Stowe’s Toxicological Chart, c1820

Written by on December 21, 2015

Displaying collections that are in unusual formats is always an interesting challenge, but worth it when providing access to rarely seen items. Our latest challenge is with our copy of William Stowe’s A Toxicological Chart. In which may be seen, at one view, the symptoms, treatment, and modes of detecting the various poisons, mineral, vegetable, and animal, according to the latest experiments and observations (c1820).

A Toxicological Chart by William Stowe (2nd edition)

A Toxicological Chart by William Stowe (2nd edition)

The chart was printed on two separate large sheets for medical booksellers, including Adam Black of Edinburgh. The 2nd edition appears in a list of new publications in The European Magazine and London Review of 1820, stating: “The second edition, with additions and improvements, on two large sheets, broad folio, 1s. 6d or neatly mounted on a board, 2s. 6d.” Our copy is neatly mounted on a board!

The chart includes the common poisons of the time, for example arsenic, antimony, bismuth and mercury, as well as poisonous fish and narcotic plants. Symptoms, treatment and tests are laid out for easy reference. Most treatments involved induced vomiting and purgatives, and some mention bleeding and leeches. For antimony, strong tea was recommended, among other treatments.

20151126_112834 - Copy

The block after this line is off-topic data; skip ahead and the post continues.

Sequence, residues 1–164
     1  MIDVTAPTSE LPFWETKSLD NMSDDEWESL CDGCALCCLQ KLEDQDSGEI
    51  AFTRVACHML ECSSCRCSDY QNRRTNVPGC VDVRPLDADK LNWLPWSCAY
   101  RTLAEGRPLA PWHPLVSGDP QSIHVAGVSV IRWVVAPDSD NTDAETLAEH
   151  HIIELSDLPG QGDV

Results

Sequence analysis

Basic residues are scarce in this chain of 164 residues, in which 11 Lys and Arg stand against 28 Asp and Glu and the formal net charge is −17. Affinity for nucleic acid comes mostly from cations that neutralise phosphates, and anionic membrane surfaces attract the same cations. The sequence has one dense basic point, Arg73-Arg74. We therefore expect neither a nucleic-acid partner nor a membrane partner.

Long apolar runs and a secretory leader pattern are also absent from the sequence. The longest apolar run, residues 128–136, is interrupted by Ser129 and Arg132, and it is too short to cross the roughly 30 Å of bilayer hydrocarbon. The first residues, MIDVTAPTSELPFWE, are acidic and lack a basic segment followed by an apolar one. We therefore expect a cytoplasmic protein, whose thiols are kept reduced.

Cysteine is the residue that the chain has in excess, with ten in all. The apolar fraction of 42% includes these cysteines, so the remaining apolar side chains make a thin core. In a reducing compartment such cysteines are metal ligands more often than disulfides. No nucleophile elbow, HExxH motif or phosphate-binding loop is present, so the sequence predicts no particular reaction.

Extract

Stowe’s chart was reprinted many times throughout the 19th century. Today, toxicology charts remain an essential resource for medical students, clinicians and for A&E departments. In addition to charts, toxicology databases and apps are now available for quick reference.

We hope to display this wonderful item in the Library Reading Room in the New Year.

Leave a Reply

Your email address will not be published.

Discover all our posts and Events

About Us

The College’s heritage collections – including thousands of medical and surgical instruments, rare books, archives, and pictures – span over 6 centuries and are an excellent resource for exploring the history of medicine and the history of the city of Glasgow. Many items from the collections have been digitised and are available to view here. Our digitisation work is ongoing, and we add new items to the site regularly, so keep checking back to discover more.

    Share it